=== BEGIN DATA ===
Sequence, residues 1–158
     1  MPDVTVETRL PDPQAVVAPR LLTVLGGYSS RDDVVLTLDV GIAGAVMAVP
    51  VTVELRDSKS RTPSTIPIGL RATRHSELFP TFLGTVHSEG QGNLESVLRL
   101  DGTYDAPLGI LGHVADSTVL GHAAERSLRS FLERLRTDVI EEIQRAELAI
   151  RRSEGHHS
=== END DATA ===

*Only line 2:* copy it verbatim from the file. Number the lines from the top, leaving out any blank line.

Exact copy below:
     1  MPDVTVETRL PDPQAVVAPR LLTVLGGYSS RDDVVLTLDV GIAGAVMAVP